Friday, April 20, 2012

Suddenly...


I didn't know her well. She was in my writing class last fall and had signed up for the spring session. When she didn't show up for the first meeting, I emailed her and asked what was up.

She responded that she had bronchitis but hoped to be better soon. When she missed the second and then the third meeting, I emailed to ask if she was withdrawing from the class. She replied that as she'd missed so much already, she thought she would.

By the time she made the necessary call, it was too late for a refund so I told her I'd read and line-edit her pages anyway -- just send them along.

She thanked me and said she would. I was looking forward to see what she'd done with the  story she begun in the previous class.  It had begun as an erotic fantasy and had morphed into a kind of memoir of growing up in Brooklyn and Miami. It was this memoir part that intrigued me with its straightforward authenticity and I had encouraged her to lose the fantasy and tell this story...
 
Alas, I'll never know what she might have made of this memoir. When I went online yesterday to record my grades for the Spring term's class, her name was still on the class roster -- followed by the chilling word Deceased.

Wondering if there had been some kind of mistake -- I'd been trading emails with her about a month ago -- I Googled her name. . .

And there it was -- an obituary. She had died in a local hospital less than two weeks after our last email.

She was a lawyer and a psychologist and she'd written a well-received book on psychology. But I wish she could have written that unfinished story. . .

She was only 59 -- ten years younger than I  --  and her death reminds me of the fragility of life -- and of the importance of living each day to its fullest.

In memoriam -- Ricki Tannen.
  
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20 comments:

Kath said...

I'm so sorry. Thank you for the reminder of how fragile and fleeting.
Bless your heart for encouraging her and taking such a generous interest in her writing. I know you gave her a wonderful gift.

Linda@VS said...

You and I learned similar lessons yesterday. In my case it was my nearest neighbor, a lovely woman in her early to mid-40s whom I'd neglected to get to know more than casually. I am kicking myself all over for thinking there was plenty of time to do that later.

Mamabug said...

We just never know what life has in store for us. We need to live each day like it's our last. so sorry she didn't get to write her story.

KarenB said...

I'm so sorry, Vicki.

Deanna said...

So sad. Life is really just a blink of the eye and it is up to us to live it like there is no tomorrow!

Brian Miller said...

ugh...this is hard...i am sorry for the loss of the student...dang...esp when you are working with them and into their story...ugh...

NCmountainwoman said...

I had seen her book "The Female Trickster" but never read it. So sad for you to learn of her demise in such a shocking way. Well, I suppose it would be shocking no matter how you heard. We just never know...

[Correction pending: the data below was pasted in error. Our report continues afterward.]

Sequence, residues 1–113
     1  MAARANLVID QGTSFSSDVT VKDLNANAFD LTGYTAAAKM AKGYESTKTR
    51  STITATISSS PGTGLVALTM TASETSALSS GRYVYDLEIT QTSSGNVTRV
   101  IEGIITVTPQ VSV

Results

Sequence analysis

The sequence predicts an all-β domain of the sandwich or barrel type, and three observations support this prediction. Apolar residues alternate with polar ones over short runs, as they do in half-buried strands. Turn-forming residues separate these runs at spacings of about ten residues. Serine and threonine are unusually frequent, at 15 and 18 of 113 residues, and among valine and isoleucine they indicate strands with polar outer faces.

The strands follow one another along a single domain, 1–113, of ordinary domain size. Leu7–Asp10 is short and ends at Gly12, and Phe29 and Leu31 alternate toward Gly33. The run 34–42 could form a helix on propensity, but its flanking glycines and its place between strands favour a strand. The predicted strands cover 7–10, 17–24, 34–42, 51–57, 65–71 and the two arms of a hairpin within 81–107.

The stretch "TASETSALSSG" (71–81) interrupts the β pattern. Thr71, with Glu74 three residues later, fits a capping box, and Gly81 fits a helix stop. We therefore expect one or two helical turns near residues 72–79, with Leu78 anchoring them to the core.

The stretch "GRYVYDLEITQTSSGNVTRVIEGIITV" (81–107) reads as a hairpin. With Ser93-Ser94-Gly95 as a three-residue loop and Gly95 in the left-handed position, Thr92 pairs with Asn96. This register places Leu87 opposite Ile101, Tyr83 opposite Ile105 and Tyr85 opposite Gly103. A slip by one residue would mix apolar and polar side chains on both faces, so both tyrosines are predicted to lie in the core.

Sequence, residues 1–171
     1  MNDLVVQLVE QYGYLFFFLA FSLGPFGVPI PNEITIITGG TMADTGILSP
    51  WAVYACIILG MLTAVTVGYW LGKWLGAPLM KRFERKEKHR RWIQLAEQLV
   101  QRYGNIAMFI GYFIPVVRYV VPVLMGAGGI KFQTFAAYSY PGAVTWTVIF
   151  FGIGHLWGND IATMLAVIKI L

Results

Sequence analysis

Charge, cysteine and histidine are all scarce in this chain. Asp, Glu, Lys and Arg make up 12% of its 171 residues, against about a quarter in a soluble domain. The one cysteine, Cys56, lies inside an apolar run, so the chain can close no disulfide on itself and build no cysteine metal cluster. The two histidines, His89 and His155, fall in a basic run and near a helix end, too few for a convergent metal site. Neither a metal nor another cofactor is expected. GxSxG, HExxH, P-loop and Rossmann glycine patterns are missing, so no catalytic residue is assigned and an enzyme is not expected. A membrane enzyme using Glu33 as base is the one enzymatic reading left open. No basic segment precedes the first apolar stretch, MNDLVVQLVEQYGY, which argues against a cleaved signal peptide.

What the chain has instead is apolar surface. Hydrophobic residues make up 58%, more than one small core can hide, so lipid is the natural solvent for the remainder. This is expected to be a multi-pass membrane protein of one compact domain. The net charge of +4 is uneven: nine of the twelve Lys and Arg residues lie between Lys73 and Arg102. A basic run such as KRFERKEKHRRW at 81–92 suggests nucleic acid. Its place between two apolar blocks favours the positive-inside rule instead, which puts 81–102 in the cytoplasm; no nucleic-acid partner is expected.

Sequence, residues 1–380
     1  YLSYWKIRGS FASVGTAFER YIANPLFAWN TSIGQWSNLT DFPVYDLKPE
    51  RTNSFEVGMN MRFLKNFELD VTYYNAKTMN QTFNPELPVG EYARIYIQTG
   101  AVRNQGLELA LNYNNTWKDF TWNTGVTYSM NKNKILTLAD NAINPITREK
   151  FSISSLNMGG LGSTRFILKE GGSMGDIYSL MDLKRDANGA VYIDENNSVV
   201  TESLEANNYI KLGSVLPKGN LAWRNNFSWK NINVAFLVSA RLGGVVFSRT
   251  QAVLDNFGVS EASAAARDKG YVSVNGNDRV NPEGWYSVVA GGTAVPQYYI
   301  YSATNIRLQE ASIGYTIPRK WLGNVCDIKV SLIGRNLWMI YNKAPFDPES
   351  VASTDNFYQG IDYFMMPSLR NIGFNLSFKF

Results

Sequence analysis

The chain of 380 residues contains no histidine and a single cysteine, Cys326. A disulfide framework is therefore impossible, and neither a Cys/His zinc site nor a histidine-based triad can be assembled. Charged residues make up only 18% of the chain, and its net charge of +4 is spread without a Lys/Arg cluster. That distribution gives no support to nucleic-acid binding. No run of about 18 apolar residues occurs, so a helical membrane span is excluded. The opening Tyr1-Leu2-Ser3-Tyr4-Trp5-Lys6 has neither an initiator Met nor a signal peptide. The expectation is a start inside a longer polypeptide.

L. D. Burgus said...

It is tough to see things like this happen. The flower is fragile and beautifully white but can drop in an instant.

Wayfarin' Stranger said...

Sad, Vicki. But a timely reminder to live life to its fullest. As the country song says, "live like you're dying."

Darla said...

Indeed. A lovely memorial ... and reminder.

Barbara Rogers said...

So sorry about this news, Vicki. A friend in our community spoke of a recent death of a two-year old, sudden and wrenching. It made me think of how memorial services are planned by the survivors, and that I want to write mine so it will represent my wishes rather than that of relatives who may not know what I really believe. I am so glad that you are here part of my life, now. That's what's important to me. Blogging may be a new form of community, but we certainly do share all aspects of life.

Vicki Lane said...

Thanks for the thoughtful comments, folks-- as I said, I didn't know her well but the news nagged at me till I wrote about it.

That's it, Larry -- a brief flower...

Yes, Barbara, blogging IS a kind of community -- one that I'm happy to be a part of. All of you have enriched my life immeasurably.

katy gilmore said...

Oh Vicki - a beautiful "memento mori" -

Pat in east TN said...

WOW,what a shocker!

Ms. A said...

Life is very fragile and one never knows when it might end.

Frances said...

Vicki, when I began reading this post, some part of me began to prepare for what I might read in a later paragraph.

That you were able to read this lady's writing and that she let you read and comment upon it is good.

What happened thereafter is not good at all, but also is very much part of what our lives meet when they do connect.

Spring blossoms and humans who might be very talented do have similarities.

I won't write more here, Vicki, but do know that this post resonated.

xo

Inger said...

Life is so fragile -- I'm sorry you had to experience this in the way you did with just that word. This was a very nice tribute to her.

Carolyn said...

Oh my. Sad and shocking. A reminder that our time is precious. I'm the same age and wonder will I get my story written. Life continues - I'm celebrating the birth of my first granddaughter. Blessings.

Coloring Outside the Lines said...

We never know who is going to touch our lives. Life is so short to waste even a second of it. I'm sorry for her family- she was so young.

That gentleman's lady said...

Ah man, that is so very sad.